You wouldn’t get a window-cleaner to fix your boiler. You wouldn’t get a graphic designer to tune your piano. So why do we let politicians try to fix our economy? In most cases, they’re completely unqualified!
Economics is a complicated field of study. Intelligent men and women spend years studying the theories, and still admit that there’s more to learn. Most of us don’t fully understand the complex interplay between markets, traders, securities, currencies, industries and nations. But we do trust that those who make the key decisions have a better understanding.
Politicians are not automatically economic experts
Do they, though? How many of the top politicians in Britain or America are trained economists? Not many. Yet they vote on important issues such as the debt ceiling, often basing their votes on… what? A hunch? Something they’ve read? Ideology? Something they’ve been told?
In case you think this is an anti-Republican rant, it really isn’t. Both Republicans and Democrats are equally at fault here. The likes of Michele Bachmann, Nancy Pelosi, Mitt Romney and Barack Obama are all trained and experieced in certain areas. But are they economists? No. So why are they making economic decisions of such huge importance?
Economists should have a central role
I’m not arguing that economists are perfect, or that they would always make the right decision. But they might have a better shot at it. If we continue to put such important economic decisions in the hands of people whose expertise is in other matters, we are denying the value of economic analysis. Economists should not be reduced to fringe characters, shouting from the sidelines and being interviewed on TV about whether politicians are making the right decisions.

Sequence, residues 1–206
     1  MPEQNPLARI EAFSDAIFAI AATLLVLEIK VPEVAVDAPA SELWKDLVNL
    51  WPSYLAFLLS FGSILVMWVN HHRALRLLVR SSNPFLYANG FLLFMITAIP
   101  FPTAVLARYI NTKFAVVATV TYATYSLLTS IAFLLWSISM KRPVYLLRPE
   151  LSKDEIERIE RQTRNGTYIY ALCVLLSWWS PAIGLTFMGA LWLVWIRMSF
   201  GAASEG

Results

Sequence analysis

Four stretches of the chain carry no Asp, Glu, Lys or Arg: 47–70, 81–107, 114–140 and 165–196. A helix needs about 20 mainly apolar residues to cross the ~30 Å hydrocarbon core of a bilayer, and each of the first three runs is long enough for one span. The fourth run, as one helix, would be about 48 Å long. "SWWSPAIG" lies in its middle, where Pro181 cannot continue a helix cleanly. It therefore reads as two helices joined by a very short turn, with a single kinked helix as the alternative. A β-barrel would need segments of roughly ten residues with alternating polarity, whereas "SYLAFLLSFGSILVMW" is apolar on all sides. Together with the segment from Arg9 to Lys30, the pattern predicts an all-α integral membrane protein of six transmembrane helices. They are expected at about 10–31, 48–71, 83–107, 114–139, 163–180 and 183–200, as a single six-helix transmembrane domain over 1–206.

We need an economic panel akin to the Supreme Court, although it would have to be closer to the spirit of the Supreme Court than the reality of that soured institution’s current disgraceful decline. An economic panel could make the really important economic decisions. Does that sound undemocratic? It need not be. But it could be the only way we can avoid having rank amateurs marching into political office and thinking that their time managing a chicken farm in Iowa qualifies them to make massive economic decisions that affect the fate of the world.